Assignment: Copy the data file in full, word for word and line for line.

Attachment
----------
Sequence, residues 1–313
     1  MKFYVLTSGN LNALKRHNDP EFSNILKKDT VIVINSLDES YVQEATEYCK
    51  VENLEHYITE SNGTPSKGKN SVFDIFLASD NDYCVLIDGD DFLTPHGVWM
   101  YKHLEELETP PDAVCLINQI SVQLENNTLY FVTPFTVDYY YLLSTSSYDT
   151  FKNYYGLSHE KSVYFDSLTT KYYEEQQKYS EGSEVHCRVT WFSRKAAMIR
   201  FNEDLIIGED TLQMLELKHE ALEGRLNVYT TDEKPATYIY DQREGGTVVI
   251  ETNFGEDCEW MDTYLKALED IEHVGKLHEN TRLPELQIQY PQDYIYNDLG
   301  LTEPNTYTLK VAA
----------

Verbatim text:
Sequence, residues 1–313
     1  MKFYVLTSGN LNALKRHNDP EFSNILKKDT VIVINSLDES YVQEATEYCK
    51  VENLEHYITE SNGTPSKGKN SVFDIFLASD NDYCVLIDGD DFLTPHGVWM
   101  YKHLEELETP PDAVCLINQI SVQLENNTLY FVTPFTVDYY YLLSTSSYDT
   151  FKNYYGLSHE KSVYFDSLTT KYYEEQQKYS EGSEVHCRVT WFSRKAAMIR
   201  FNEDLIIGED TLQMLELKHE ALEGRLNVYT TDEKPATYIY DQREGGTVVI
   251  ETNFGEDCEW MDTYLKALED IEHVGKLHEN TRLPELQIQY PQDYIYNDLG
   301  LTEPNTYTLK VAA